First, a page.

Two weeks away, the holy breezes of Ramadan already pervade Egypt’s polluted air. But, just as Ramadan lanterns light up, worries over Egyptian households’ Ramadan budgets seem to rise even higher.
In a month that is intended to have more spirituality and less consumption, meat — and lots of it — is still an inevitable guest at Egyptian iftar tables. The soaring price of meat is becoming a real worry for Egyptians, who will have to choose between cutting meat from their Ramadan diet, or spending a lot of money to purchase it.
A recent study by the Central Agency for Public Mobilization and Statistics showed that Egyptians are facing one of the worst months in recent years for steadily increasing prices of meat, poultry and fish, with a rise of over 10 percent.
Figures that were published by the country’s statistics agency indicate that many new factors this year contributed to an already difficult situation; in particular, the wide outbreak of foot-and-mouth disease, which has claimed the lives of thousands of cattle across the country.
Since its detection earlier this year, the disease has infected between 70,000 and 100,000 cattle, killing more than 10,000 and putting Egypt’s livestock at risk.
Haytham Mohamed, the deputy head of the butchers’ branch at the Cairo Chamber of Commerce predicts another sharp increase in meat prices as Ramadan approaches, as well as increases in poultry and fish prices.
Mohamed told Egypt Independent that the high prices are due to shortages in the local supply of red meat, as Cairo slaughterhouses received less cattle from governorates surrounding the capital than usual because of the foot-and-mouth outbreak. There are also import limits on both frozen meat and livestock since recent measures have extended customs’ exemptions on imported meat by a few extra days, contributing to the shortages.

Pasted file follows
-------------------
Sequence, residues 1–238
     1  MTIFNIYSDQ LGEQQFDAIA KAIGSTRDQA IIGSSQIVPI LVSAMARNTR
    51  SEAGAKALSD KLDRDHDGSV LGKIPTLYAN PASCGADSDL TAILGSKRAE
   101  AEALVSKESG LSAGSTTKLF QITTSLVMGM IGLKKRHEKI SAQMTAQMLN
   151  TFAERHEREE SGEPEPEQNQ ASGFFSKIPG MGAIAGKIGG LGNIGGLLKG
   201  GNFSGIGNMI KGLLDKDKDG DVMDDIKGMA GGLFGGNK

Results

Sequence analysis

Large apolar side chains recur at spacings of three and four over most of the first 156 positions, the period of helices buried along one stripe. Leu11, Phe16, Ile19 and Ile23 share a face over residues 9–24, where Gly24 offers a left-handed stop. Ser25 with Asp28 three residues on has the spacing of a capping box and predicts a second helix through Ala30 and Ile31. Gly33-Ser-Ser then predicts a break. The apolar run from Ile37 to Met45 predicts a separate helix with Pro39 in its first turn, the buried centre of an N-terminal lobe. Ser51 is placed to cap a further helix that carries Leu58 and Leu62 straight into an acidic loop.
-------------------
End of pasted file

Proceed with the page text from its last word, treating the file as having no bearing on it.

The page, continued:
In the wake of the foot-and-mouth epidemic, the butchers branch of the Cairo Chamber of Commerce criticized the decision issued by the Agriculture Ministry to ban the inter-governorate transportation of cattle in a bid to curb the infection rate. The chamber argued that such a step would lead to price hikes, particularly in Cairo, which relies heavily on livestock purchases from neighboring governorates.
The meat industry in Egypt has become a chronic problem. Increasingly high prices and lower supply, as well as a failure to create a long-term plan to maintain an adequate supply of local beef, are among the main contributors to the growing crisis.
For decades, the government used two main sources of meat. Two-thirds was domestically produced every year while a third was imported to make up the difference between local production of 700,000 tons and consumers’ yearly demand of 1,200,000 tons.
However, this year, the Egyptian government is looking for new solutions to meet the ever-increasing demand. Dr. Osama Salim, head of the General Authority for Veterinary Services, announced that Egypt imported 30,000 tons of meat from Brazil, India, Australia, Paraguay, Argentina and Canada in May, in preparation for the holy month of Ramadan, and in keeping with state policy to reduce meat prices.
As demand for affordable beef gathers momentum in Egypt, the government has come up with a quick fix to the problem by negotiating a new long-term deal involving Sudan exporting more than 50,000 cattle in its first year.
Sudan had already exported meat and cattle to Egypt in May, in accordance with an agreement between the two countries’ agriculture ministries.
Secretary General of the Sudanese Livestock and Meat Exporters Federation Siddig Haddoub said the deal is expected to generate large revenues for Sudan, and develop its national economy.
While Sudanese meat exports had been restricted in the past on quality grounds, Dr. Salim said a team of veterinarians was sent to inspect the live animals before slaughter to ensure they met Egyptian standards and were free from all contagious diseases and epidemics, before shipment to Egyptian ports.
Traditionally, Sudanese beef has not successfully penetrated the Egyptian market the way camel meat has. Egypt has imported large quantities of Sudanese camel meat for consumption.
Egyptians are enthusiastic meat-eaters in general, although there is no dedicated study on their meat-eating patterns. A poll published in 2010 by the Information and Decision Support Center of the Egyptian Cabinet revealed that the consumption of red meat was increasing dramatically.